Basic Info on CSA

History of climate-smart agriculture (CSA)

FAO coined the term climate-smart agriculture (CSA) in the background document prepared for the 2010 Hague Conference on Food Security, Agriculture and Climate Change. The CSA concept was developed with a strong focus on food security, for now and the future, including adaptation to climate change. The CSA concept now has wide ownership among, governments, regional and international agencies, civil society and private sector. Emerging global and regional (Africa) Alliances on Climate-Smart Agriculture (ACSA) provide a platform for shared learning and collaboration among all interested parties.

Why do we need CSA?

The UN Food and Agriculture Organisation (FAO) estimates that feeding the world population will require a 60 percent increase in total agricultural production. With many of the resources needed for sustainable food security already stretched, the food security challenges are huge. At the same time climate change is already negatively impacting agricultural production globally and locally. Climate risks to cropping, livestock and fisheries are expected to increase in coming decades, particularly in low-income countries where adaptive capacity is weaker. Impacts on agriculture threaten both food security and agriculture’s pivotal role in rural livelihoods and broad-based development. Also the agricultural sector, if emissions from land use change are also included, generates about one-quarter of global greenhouse gas emissions.

Elements of CSA

CSA is not a set of practices that can be universally applied, but rather an approach that involves different elements embedded in local contexts. CSA relates to actions both on-farm and beyond the farm, and incorporates technologies, policies, institutions and investment. Different elements which can be integrated in climate-smart agricultural approaches include:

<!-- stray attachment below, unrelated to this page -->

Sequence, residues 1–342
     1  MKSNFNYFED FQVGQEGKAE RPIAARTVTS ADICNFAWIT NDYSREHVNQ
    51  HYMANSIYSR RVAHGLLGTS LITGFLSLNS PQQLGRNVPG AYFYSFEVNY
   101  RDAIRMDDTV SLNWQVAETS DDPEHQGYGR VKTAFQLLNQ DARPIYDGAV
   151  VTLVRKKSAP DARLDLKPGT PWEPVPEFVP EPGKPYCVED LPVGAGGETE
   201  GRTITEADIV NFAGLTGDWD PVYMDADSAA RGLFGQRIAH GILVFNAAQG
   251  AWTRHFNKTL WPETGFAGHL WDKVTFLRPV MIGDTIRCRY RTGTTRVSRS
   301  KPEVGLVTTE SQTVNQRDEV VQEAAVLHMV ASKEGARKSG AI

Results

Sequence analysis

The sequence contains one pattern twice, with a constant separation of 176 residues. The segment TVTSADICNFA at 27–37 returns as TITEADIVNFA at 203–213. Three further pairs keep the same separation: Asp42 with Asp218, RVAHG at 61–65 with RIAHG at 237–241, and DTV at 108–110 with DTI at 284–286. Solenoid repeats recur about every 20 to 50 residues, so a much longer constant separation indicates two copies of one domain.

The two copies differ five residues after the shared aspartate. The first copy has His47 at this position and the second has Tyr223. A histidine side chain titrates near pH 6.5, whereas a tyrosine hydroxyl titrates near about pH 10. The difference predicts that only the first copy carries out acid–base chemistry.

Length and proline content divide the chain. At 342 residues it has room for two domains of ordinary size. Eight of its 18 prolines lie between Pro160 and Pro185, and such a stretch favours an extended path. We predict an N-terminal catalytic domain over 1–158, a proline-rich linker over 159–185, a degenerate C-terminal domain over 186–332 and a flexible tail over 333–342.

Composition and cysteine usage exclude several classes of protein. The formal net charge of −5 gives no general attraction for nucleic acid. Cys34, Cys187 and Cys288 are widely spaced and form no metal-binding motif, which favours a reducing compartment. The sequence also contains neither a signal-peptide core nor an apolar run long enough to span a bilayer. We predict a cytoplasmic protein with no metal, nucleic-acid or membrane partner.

1. Management of farms, crops, livestock, aquaculture and capture fisheries to manage resources better, produce more with less while increasing resilience
  2. Ecosystem and landscape management to conserve ecosystem services that are key to increase at the same time resource efficiency and resilience
  3. Services for farmers and land managers to enable them to implement the necessary changes
The main elements of climate-smart agriculture

What is different about CSA?

What is new about CSA is an explicit consideration of climatic risks that are happening more rapidly and with greater intensity than in the past. New climate risks, require changes in agricultural technologies and approaches to improve the lives of those still locked in food insecurity and poverty and to prevent the loss of gains already achieved. CSA approaches entail greater investment in

  1. managing climate risks,
  2. understanding and planning for adaptive transitions that may be needed, for example into new farming systems or livelihoods,
  3. exploiting opportunities for reducing or removing greenhouse gas emissions where feasible.

(Content adopted from CCAFS website)